Since the company was hiring more product leaders, there was an increased need for cross-team consistency, clear boundaries between roles, and to set expectations for how design will show up for each initiative.
There was a general lack of knowledge of the Product Design discipline on the team, leading to miscommunication of what what a Product Designer is meant to do.
Before the implementation of this process, there were known limitations:
Lack of product design knowledge
As mentioned before, any design process is new this company, so it's important for the first phase of it to be simplified and easily digestible.
Design sprints move quickly
Since the company was hiring more product leaders, there was an increased need for cross-team consistency, clear boundaries between roles, and to set expectations for how design will show up for each initiative.
The Process for Making a Design Process
Like any project, I proposed that we follow a simple process that can aid in a productive execution. I interviewed and collaborated with the Founders, Product Managers, a Marketing Manager, and a few individuals in Sales that have product knowledge.

The goal was to make this initiative feel loose and easy to customize to our needs. The process served as a guide rather than a hard-rule, therefore we often deviated and made decisions on next best steps based on the current needs of the team.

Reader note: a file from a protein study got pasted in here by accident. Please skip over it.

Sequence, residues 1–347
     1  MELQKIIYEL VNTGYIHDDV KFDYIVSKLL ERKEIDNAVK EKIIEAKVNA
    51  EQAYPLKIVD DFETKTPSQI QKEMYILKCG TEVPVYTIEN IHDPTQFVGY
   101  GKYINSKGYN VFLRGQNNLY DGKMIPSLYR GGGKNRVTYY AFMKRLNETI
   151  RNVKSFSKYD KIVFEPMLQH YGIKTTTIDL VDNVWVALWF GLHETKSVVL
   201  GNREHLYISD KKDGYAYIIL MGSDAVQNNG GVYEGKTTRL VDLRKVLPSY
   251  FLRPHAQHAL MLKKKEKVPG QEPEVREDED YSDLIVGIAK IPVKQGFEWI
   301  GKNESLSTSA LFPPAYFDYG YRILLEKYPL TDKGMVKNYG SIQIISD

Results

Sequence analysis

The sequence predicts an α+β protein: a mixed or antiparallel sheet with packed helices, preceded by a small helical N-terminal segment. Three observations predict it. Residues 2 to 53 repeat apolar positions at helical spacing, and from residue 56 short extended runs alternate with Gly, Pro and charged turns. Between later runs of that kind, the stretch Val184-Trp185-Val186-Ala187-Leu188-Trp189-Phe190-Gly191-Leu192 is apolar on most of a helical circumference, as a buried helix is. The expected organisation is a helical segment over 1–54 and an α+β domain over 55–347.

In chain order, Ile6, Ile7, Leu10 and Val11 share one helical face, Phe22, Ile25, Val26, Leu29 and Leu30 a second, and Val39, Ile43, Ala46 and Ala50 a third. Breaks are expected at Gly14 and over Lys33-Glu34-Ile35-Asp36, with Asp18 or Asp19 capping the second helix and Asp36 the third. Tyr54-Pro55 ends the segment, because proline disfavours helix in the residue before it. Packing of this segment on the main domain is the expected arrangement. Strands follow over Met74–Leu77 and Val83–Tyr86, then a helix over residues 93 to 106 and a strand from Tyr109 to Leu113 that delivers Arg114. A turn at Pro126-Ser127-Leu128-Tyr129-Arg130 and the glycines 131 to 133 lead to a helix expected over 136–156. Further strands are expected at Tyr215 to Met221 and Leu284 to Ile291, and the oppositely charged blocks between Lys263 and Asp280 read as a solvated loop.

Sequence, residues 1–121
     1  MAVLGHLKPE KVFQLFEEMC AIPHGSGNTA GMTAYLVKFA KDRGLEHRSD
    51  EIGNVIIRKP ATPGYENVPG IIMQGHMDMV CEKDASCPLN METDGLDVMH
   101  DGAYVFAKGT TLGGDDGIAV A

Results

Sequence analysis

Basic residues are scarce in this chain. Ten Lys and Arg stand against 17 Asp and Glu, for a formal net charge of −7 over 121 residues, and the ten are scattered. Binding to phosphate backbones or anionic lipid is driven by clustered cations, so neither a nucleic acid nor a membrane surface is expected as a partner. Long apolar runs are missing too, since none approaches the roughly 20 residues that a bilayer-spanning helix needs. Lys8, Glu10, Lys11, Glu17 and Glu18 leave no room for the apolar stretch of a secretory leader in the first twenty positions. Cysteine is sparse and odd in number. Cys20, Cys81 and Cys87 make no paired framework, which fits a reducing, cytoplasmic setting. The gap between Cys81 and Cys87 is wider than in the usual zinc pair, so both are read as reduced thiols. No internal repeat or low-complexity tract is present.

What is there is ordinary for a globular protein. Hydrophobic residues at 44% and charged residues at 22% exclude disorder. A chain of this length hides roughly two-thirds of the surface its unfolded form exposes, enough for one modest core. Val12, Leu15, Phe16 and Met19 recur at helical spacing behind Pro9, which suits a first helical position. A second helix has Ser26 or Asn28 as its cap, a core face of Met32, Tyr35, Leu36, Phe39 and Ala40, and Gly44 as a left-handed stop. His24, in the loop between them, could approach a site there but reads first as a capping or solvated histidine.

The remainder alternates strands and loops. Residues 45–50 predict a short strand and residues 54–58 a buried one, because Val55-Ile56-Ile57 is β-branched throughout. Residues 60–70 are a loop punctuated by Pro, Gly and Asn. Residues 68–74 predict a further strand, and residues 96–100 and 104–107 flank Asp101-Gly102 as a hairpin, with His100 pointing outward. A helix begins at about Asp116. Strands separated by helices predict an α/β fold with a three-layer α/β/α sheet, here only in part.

User Flows
Why Now?
Internal Knowledge
Many internal stakeholders, including myself, could not tell one the current user flow. This lead to customers having varied experiences and the product team making decisions without knowledge of the full picture.
Many Pain Points
The current process was too convoluted and confusing for customers. Additionally, internal customer service and sales struggle to communicate expectations to customers. Identifying where in the current process has a pain is easier when it is visualized.
Known Limitations
We cannot identify every way the flow can split off
Each split has a process that is inside of likely one person's head. The process of identifying all the stakeholders who can be a resource and recording what they know can take time. ​
Design sprints move quickly
Something very different happens for every member, therefore some personas probably do not have a specific flow they follow today. This creates the need for the team to prioritize which personas need to be outlined and addressed first.
Diagram what we know
Connect with stakeholders to fill gaps
Iterate using new knowledge
Get feedback
Clean up final flows

Future Considerations

Design Guidelines: Component and Pattern System

At the time of this project, Uno did not have an end-user facing digital product, but there was an internal product that the enrollment team utilized daily; this product is used to determine health service eligibility for customers. Uno's future goal is to have and end-user facing product, which opened the discussion of whether they need to create a design component and pattern library. Although it was not currently top priority at the time, it is an ideal next step once they full rollout the design process outlined in this case study.